54 Concept and Method of the segment corresponds to a ratio of price levels in a solution, and so to a price index. A segment in it, corresponding exactly to the PL-interval, is the normalized price level solution set, with vertices for L and P. These are the basic solutions from which all other solutions are determined. There is not much more that can be said about this case, except that it is a generalization of it that makes the present subject. The case of three periods is already more complex and substantially more interesting, and evocative of the shape of things to come. Already a start was made with that in the last section. Having the picture there obtained, of the hexagonal boundary of the normalized solution set, the immediate task is to obtain formulae for the six vertices. The treatment for system (L) consists mainly in the power algorithm for testing consistency and forming the derived system (M ), equivalent to (L), with the triangle inequality and solution extension property that enables solutions to be constructed step-by-step, starting with two variables and following a path for adding variables, to conclude with an individual solution. At each stage the choice to be made can keep the solution as a vertex of the current solution set, so ﬁnally there will be arrival at a vertex, making a basic solution. To construct a complete basic solution set this way could be laborious. Firstly the path for adding variables has m! possibilities, and with any one path there is a choice between two possibilites at every extension stage. It seems, therefore, there may be about m! × 2m−1 basic solutions, if any, or fewer distinct ones to allow coincidences, with the symbolic description (t1 t2 − v2 , t3 − v3 , . . . , tm − vm ) where vi = 1 or 2. For this discussion, the extension path will simply be 1, . . . , m in that order, though we may not get very far along it. For P1 and P2 referring to periods 1 and 2 (reference denoted 12) there are two basic (non-normalized) solutions (12 − a)

P1 = 1,

(12 − b)

P1 = M12 ,

P2 = M21 . P2 = 1.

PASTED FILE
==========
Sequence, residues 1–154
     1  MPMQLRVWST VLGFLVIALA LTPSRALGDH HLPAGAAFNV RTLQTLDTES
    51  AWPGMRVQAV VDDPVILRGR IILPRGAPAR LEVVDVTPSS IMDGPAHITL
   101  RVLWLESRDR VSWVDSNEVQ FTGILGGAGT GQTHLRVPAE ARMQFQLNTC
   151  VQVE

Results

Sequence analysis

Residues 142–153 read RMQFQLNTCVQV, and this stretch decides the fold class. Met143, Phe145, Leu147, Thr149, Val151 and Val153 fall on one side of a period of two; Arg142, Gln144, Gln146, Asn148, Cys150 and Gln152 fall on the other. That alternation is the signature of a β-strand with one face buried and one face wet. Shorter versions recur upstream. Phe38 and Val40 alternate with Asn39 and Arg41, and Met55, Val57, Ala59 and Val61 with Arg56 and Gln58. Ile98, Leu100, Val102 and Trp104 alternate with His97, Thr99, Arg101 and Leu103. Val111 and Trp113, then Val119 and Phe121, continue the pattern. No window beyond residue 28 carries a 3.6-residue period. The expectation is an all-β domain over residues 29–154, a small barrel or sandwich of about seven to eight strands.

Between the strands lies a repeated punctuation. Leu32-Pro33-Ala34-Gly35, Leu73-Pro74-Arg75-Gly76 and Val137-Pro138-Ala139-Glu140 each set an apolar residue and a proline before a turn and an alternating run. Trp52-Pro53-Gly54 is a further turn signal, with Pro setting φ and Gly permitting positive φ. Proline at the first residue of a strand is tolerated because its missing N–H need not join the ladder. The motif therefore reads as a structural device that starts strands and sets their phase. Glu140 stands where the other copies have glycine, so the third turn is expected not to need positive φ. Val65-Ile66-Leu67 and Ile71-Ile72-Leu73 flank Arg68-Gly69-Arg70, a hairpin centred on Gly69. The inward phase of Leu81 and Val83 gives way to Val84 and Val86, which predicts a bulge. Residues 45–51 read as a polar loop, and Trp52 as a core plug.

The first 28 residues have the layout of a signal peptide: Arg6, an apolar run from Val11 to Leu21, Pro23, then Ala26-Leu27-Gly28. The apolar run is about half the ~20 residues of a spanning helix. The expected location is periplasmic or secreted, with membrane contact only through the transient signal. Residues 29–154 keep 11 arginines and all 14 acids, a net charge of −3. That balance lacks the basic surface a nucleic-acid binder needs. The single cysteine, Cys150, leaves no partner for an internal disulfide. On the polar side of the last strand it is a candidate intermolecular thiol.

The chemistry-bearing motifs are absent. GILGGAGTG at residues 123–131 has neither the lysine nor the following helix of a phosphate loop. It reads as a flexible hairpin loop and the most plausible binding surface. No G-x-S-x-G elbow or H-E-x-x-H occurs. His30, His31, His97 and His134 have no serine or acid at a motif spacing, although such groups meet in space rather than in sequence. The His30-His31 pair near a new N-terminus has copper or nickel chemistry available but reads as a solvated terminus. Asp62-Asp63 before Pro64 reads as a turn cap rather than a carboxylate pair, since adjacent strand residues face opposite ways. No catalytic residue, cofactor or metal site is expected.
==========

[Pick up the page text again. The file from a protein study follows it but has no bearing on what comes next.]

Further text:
Were we dealing with system (L) these would correspond to the L and P bounds of the LP-interval. For (12-a) there is the veriﬁcation M21 ≥ P2 /P1 = M21 M12 ≥ P1 /P2 = (M21 )−1 the second line providing conﬁrmation because M12 M21 ≥ 1. For (12-b) similarly. One of these solutions has to be chosen initially, say (12-a). This can be extended to include a third variable, for period 3, relying on the triangle inequality and the solution extension property that follows from it. Consider (12 − a, 3 − a)

P1 = 1,

P2 = M21 ,

P3 = M31 .

The Price Level 55 This is a solution that extends the solution (12-a), as may be veriﬁed with appeal to M13 M31 ≥ 1, and appeals to the triangle inequality, M32 M21 ≥ M31 and M23 M31 ≥ M21 . Similarly (12 − a, 3 − b)

P1 = 1,

P2 = M21 ,

P3 = 1/M13

is another solution that extends (12-a). If we identify s, t, r of the last section with 1, 2, 3 in this, we have (12-a,3-a), when normalized, corresponds to the lower of the middle pair of vertices of the hexagon, associated with simplex vertex 1, just as (12-a,3-b) is the upper of the pair. Or something like that. Similarly there are pairs of solution vertices similarly associated with the other two simplex vertices 2 and 3. That makes the six vertices of the hexagon. Consider (12 − a, 3 − a, 4 − a)

P1 = 1,

P2 = M21 ,

P3 = M31 ,

P4 = M41 .

This is a solution that extends (12-a, 3-a). And so forth. There may be more to say but for now it may be suitable to submit going further with this approach to the brute computer. However, there is reassurance to be gained from the circumstance that we already have the basic solutions, of Section 5, obtained without tedious stepby-step extension but immediate and complete from a reference to the triangle inequality. None the less there is interest in the determination of all basic solutions, or vertices of the convex polyhedron in the simplex of reference that describes all normalized solutions, illustrated graphically for the case m = 3 in Section 8. The 2m solutions provided by pairs of basic solutions in respect to the m possible bases should be the vertices of the convex polyhedron of all price level solutions normalized to make them points in the simplex of reference. For instance in Section 9 we have 2 × 3 = 6 vertices of the hexagonal region. This would be, once again, as with the basic price levels themselves, a providential ready made solution for what might otherwise have seemed a burdensome abstruse computation.